Lauryn Hill’s daughter Selah Marley has defended Kanye West’s “White Lives Matter” shirt after coming under fire for wearing the garment at his Yeezy Season 9 show in Paris.
The 23-year-old — whose father is Rohan Marley, the son of late reggae legend Bob Marley – modeled the controversial shirt on the runway during the exclusive fashion event in the French capital on Monday (October 3).
Ye also wore the shirt himself, which featured the white supremacist slogan — a racist response to the Black Lives Matter movement — on the back and an image of Pope John Paul II on the front.
Kanye West got Lauryn Hill daughter wearing a 'White Lives Matter' tee pic.twitter.com/5tcF0y9Plj
— AAYAN X (@AAYANFIXMYLIFE) October 4, 2022
While it’s unclear if it was her decision to wear the shirt, Marley nevertheless faced criticism on social media, with many wondering aloud what her mother and grandfather — both revered for their political activism — would think.
But it seems Marley isn’t willing to yield to outside opinions or expectations. The model took to her Instagram Stories on Tuesday (October 4) to defend the “White Lives Matter” shirt and push back against those trying to “bully” her into changing her stance.
“The past 24 hours has allowed me to realize that most of yall are stuck in a hive mind mentality,” she wrote. “You do what the group tells you to do & think what the group tells you to think.
“Witnessing someone break free from ‘the agenda’ sends you all into such a panic that you will do whatever it takes to force them back into the box that you feel they should exist in. All morale & empathy is eliminated due to the fact you feel justified by your emotions.”
She continued: “The victim becomes the victimizer. You can not bully me, manipulate me or coax me into silence. Nor will you bully me into being who you want me to be. I don’t care how many tweets you make, DMs you send, or articles you write.
“Throughout all of the chaos, I have yet to speak on my experience. If you know me, you know that nothing I do is without deep thought & intention. Wait til you hear what I have to say.”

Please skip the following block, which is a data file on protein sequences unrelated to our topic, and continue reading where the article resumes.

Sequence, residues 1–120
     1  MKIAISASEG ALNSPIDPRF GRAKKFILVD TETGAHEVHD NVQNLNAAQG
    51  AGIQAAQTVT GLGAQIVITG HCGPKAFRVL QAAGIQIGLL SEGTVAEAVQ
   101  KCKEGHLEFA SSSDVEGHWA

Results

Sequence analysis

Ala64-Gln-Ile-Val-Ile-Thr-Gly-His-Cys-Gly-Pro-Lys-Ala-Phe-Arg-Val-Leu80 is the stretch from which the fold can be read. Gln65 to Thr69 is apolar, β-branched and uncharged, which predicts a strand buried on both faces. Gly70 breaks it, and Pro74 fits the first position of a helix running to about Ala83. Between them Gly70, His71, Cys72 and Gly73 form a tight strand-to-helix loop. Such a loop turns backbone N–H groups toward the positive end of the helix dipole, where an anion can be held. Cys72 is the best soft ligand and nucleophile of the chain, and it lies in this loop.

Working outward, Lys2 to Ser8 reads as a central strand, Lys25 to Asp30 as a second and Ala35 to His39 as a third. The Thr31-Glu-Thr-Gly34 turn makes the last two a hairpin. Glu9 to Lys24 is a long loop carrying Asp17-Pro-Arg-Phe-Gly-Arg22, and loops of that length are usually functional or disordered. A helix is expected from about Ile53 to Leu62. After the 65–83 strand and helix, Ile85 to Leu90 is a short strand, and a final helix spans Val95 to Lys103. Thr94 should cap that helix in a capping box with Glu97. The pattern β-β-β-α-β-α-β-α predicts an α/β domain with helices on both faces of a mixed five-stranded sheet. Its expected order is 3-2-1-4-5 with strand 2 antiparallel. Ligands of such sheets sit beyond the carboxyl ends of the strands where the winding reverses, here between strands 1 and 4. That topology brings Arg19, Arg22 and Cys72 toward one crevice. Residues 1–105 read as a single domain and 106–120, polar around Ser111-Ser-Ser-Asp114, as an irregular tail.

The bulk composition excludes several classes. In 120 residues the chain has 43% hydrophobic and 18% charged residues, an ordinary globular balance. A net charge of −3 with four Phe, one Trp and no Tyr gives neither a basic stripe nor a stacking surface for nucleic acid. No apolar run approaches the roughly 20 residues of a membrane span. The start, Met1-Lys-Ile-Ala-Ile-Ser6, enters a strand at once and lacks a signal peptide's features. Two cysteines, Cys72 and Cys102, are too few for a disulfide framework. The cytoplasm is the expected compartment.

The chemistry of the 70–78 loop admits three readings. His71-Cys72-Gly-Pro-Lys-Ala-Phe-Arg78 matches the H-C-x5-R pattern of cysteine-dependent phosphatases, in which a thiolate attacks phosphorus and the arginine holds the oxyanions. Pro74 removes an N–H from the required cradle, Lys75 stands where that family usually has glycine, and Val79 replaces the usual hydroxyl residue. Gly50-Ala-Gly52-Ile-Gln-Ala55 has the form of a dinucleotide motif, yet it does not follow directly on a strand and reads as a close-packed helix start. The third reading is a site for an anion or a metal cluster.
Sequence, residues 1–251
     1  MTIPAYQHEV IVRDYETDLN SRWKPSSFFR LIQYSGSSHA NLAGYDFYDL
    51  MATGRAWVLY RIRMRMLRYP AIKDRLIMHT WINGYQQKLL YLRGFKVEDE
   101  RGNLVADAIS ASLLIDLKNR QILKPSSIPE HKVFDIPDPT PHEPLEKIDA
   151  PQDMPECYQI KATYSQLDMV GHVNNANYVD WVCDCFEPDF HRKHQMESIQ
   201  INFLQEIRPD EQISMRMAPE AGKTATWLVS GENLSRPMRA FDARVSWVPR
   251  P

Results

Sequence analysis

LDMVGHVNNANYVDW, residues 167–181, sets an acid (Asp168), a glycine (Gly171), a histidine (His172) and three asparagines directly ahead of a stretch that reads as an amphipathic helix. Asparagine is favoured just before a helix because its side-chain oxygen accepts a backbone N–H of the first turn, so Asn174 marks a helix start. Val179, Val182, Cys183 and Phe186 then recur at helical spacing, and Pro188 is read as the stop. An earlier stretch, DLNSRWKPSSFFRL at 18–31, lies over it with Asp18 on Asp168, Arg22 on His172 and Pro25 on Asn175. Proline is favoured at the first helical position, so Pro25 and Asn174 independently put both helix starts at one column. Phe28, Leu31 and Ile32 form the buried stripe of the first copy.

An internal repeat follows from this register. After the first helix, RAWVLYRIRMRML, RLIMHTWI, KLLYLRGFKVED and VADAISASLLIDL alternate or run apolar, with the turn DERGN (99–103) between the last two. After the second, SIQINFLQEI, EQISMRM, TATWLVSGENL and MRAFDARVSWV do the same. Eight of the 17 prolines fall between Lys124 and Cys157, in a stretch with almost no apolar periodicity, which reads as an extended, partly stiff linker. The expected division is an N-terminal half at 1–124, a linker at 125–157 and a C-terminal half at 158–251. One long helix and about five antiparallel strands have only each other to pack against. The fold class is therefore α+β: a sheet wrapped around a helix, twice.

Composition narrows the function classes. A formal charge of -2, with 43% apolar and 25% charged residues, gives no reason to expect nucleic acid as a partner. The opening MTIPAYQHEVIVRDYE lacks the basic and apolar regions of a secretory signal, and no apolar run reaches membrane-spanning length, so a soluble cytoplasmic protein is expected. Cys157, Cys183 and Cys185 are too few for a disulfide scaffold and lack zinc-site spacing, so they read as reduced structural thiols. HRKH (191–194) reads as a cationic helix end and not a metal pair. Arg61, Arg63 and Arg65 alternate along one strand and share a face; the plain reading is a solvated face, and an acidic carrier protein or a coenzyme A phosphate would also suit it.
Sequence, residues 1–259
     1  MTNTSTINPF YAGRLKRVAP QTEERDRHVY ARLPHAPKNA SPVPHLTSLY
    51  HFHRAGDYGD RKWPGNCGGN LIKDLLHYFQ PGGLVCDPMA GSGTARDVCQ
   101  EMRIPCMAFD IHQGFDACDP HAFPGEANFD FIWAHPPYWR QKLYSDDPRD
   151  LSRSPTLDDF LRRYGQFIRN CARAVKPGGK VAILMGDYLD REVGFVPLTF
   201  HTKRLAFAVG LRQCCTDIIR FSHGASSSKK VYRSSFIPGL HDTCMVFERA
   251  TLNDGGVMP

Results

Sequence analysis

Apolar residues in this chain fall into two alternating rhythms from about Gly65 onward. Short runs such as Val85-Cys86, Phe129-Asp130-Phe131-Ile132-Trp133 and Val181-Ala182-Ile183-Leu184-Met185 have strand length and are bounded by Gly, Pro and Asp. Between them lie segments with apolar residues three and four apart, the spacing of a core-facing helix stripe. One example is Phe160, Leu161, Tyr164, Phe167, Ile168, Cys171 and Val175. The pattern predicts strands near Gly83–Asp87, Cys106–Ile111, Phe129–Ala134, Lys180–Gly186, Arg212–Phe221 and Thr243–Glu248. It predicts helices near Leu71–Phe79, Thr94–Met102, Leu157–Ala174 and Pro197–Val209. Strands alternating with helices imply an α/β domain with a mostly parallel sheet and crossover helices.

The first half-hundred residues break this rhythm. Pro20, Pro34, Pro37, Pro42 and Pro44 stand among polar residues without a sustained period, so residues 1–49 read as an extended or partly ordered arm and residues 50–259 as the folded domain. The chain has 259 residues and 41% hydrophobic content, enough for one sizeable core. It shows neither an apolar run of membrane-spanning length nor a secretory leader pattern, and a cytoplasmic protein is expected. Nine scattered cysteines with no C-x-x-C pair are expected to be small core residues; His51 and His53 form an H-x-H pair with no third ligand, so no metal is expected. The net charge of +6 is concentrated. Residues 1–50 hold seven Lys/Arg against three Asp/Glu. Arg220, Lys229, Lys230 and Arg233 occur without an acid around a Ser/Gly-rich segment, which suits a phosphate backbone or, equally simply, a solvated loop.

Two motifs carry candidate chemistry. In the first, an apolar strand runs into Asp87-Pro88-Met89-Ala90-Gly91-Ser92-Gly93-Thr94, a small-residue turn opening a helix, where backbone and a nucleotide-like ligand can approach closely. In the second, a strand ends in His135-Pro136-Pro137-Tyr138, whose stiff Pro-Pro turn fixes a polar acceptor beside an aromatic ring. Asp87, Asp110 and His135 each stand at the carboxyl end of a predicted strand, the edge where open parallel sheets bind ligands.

Marley later posted a screenshot of a text she sent to Kanye West asking him to provide more “clarity” behind his “White Lives Matter” shirt design, which she believes was done with “pure” intentions, in an effort to “heal our community.”
“hey ye is this your actual number? this is selah btw,” she wrote in the text. “you may be sleeping i think that what we did has obviously created a lot of conversation & i would like us to continue that conversation & provide the necessary depth & clarity that we are both extremely capable of.
“i love taking risks & embracing freedom, but in this case, i think we can continue to discuss the depth behind our decisions to show the purity of our intentions & provide healing to our community. love you so much. let’s keep this going—in a healthy way.”
She captioned the photo: “i think he’s sleeping but i’m ready for us to have the conversation. tell @kanyewest to text me when he wakes up so we can continue to move this conversation forward & provide the necessary clarity, depth, & healing that we are collectively in need of. love you guys regardless.”
Kanye reposted the message on his own Instagram Stories, although it’s unclear if he actually replied to her text. Marley responded to Ye’s repost with: “it’s happening” along with a burning heart emoji.
Kanye West was roundly criticized for his “White Lives Matter” shirt, exacerbated by a photo of him posing next to Candace Owens — the controversial rightwing commentator he’s cozied up to in recent years – in matching shirts at his Yeezy Season 9 show.
Jaden Smith, Boosie Badazz and Marc Lamont Hill were among the high-profile figures who condemned him, but much like when he’s been questioned over his views on race and politics in the past, the billionaire rap mogul refused to apologize.
“Everyone knows that Black Lives Matter was a scam,” he wrote on his Instagram Stories in response to the backlash, referencing the multi-million dollar financial scandals that have plagued the organization. “Now its over[.] You’re welcome.”